- Page 1Cyberpower Infinity Game Qube
- Page 2 Cooling, Performance and Components
- Page 3 Gaming, Value and Verdict
- Page 4 Extra Pictures
Unlike Nintendo’s little box, there’s certainly no lack of power inside Cyberpower’s Game Qube. As mentioned, the CPU at the heart of this machine is Intel’s quad-core Core i5 760, which has been given a healthy overclock from its stock speed of 2.88GHz to 3.6GHz (or higher, if you’re lucky). While this might seem low compared to the 4GHz clocks on systems like the Cryo Nano, keep in mind that everything is packed very tightly into the diminutive Sugo SG07 case and higher overclocks are limited by both this and the small motherboard. Still, on the CPU side of things this PC will handle anything you’d care to throw its way with ease.
In fact, Cyberpower has resorted to watercooling the CPU to keep it running with the minimum of noise and without overheating. The waterblock is hooked up to a radiator cooled exclusively by the dimple-bladed 140mm fan fitted to the top of the case. Aside from the video card cooling, the radiator fan and that of the custom 600W power supply are the only fans in the Game Qube. This ensures that, as long as you opt for a quiet graphics card, Cyberpower’s little machine not only makes for one of the smallest but also quietest gaming PC’s we’ve tested.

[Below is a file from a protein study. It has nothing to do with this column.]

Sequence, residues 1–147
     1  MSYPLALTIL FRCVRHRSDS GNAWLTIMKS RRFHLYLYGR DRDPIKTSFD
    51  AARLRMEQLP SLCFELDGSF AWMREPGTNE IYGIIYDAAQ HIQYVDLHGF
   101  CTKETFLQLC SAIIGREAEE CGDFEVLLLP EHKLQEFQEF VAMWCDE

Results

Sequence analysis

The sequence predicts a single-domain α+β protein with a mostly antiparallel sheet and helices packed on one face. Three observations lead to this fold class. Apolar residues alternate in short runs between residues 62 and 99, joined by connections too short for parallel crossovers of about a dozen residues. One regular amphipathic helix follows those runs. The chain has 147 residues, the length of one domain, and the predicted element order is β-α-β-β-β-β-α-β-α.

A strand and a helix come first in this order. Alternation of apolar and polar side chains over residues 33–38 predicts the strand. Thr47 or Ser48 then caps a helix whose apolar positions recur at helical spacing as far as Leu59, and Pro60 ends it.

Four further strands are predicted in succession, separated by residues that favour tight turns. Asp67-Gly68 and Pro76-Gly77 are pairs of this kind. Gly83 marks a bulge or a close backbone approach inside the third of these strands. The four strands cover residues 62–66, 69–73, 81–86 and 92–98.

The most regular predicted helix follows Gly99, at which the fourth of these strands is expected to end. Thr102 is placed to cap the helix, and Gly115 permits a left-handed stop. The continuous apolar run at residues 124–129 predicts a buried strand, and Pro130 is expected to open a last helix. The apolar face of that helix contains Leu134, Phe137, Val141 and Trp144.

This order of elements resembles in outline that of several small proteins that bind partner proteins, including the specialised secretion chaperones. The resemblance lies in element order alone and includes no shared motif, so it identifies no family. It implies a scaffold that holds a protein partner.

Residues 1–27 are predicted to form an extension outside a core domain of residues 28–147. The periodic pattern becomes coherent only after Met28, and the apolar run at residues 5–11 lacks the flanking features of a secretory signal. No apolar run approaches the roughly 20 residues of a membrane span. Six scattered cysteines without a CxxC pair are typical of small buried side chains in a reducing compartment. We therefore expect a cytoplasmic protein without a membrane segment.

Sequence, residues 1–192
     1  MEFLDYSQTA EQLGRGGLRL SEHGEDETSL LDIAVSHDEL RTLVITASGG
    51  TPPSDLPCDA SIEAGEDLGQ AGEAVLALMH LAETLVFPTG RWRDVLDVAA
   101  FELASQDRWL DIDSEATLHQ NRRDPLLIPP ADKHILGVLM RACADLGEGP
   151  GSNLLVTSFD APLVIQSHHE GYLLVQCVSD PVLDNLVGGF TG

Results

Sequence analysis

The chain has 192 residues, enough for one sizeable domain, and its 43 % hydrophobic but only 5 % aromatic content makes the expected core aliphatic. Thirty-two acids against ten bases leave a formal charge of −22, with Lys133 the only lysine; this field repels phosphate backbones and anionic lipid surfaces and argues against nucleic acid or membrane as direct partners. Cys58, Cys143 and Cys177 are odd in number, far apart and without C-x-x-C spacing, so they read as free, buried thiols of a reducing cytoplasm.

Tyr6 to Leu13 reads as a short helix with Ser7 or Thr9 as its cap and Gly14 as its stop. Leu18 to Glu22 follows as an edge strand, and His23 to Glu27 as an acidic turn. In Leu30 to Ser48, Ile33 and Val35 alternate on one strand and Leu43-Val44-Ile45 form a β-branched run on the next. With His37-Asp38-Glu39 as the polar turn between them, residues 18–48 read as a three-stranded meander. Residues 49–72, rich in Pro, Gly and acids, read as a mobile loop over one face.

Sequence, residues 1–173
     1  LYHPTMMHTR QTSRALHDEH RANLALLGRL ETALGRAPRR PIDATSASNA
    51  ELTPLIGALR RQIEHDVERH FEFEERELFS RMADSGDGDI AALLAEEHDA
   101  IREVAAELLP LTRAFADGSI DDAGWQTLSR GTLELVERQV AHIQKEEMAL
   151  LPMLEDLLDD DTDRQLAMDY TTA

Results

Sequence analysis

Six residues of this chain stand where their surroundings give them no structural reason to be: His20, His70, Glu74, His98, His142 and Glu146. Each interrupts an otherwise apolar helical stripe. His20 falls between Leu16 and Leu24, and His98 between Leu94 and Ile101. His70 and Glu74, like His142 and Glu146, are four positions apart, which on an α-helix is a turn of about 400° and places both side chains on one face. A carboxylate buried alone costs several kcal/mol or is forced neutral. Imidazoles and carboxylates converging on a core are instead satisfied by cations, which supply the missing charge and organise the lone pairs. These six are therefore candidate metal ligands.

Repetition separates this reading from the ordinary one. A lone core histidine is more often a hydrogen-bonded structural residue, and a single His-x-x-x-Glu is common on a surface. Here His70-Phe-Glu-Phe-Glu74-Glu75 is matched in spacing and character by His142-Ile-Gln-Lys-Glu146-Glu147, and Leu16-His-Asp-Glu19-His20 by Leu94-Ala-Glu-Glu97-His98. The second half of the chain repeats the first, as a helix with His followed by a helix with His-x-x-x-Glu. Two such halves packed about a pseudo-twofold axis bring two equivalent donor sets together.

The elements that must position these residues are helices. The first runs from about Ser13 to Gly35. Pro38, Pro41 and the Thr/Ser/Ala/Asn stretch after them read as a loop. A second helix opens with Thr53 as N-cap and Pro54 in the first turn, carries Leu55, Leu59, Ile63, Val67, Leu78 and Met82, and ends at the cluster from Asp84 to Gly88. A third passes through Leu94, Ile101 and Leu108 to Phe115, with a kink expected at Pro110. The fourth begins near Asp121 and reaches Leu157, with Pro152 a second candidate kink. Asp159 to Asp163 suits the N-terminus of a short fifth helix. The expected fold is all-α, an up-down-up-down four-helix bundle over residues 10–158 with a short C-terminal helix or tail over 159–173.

The CPU is backed up by 4GB of Elixir DDR3 RAM, which takes up both of the motherboard’s available memory slots. We might have preferred a more well-known brand, but at least – unlike a lot of generic memory – the DIMMs feature heatsinks. As far as memory upgrades are concerned, the price of 8GB in two DIMMs is still prohibitive, so if you want that much or more, you might be better off looking at a micro-ATX system (which will offer four slots) instead of mini-ITX.
Permanent storage is provided by a 1TB Samsung F3. At under £1,000 we really weren’t expecting an SSD as found in the Cryo Pico, though it’s definitely an upgrade we would recommend if you can afford it. For optical duties there’s a slimline DVD Rewriter, with the option of a Blu-ray writer for a reasonable £137.
While we’re on the topic of internals, we have to commend the excellent job Cyberpower did of keeping everything as neat as humanly possible despite the Sugo’s lack of advanced cable tidying options.